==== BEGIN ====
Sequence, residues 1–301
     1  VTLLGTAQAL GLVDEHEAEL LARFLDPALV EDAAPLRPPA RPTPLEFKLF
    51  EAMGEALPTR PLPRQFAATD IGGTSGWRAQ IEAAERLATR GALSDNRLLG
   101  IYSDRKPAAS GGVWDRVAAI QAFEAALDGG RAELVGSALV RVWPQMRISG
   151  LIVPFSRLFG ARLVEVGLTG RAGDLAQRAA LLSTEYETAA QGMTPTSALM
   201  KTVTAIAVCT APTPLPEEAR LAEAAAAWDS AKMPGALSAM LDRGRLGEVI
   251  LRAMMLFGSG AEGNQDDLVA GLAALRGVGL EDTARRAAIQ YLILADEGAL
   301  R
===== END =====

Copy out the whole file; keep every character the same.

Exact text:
Sequence, residues 1–301
     1  VTLLGTAQAL GLVDEHEAEL LARFLDPALV EDAAPLRPPA RPTPLEFKLF
    51  EAMGEALPTR PLPRQFAATD IGGTSGWRAQ IEAAERLATR GALSDNRLLG
   101  IYSDRKPAAS GGVWDRVAAI QAFEAALDGG RAELVGSALV RVWPQMRISG
   151  LIVPFSRLFG ARLVEVGLTG RAGDLAQRAA LLSTEYETAA QGMTPTSALM
   201  KTVTAIAVCT APTPLPEEAR LAEAAAAWDS AKMPGALSAM LDRGRLGEVI
   251  LRAMMLFGSG AEGNQDDLVA GLAALRGVGL EDTARRAAIQ YLILADEGAL
   301  R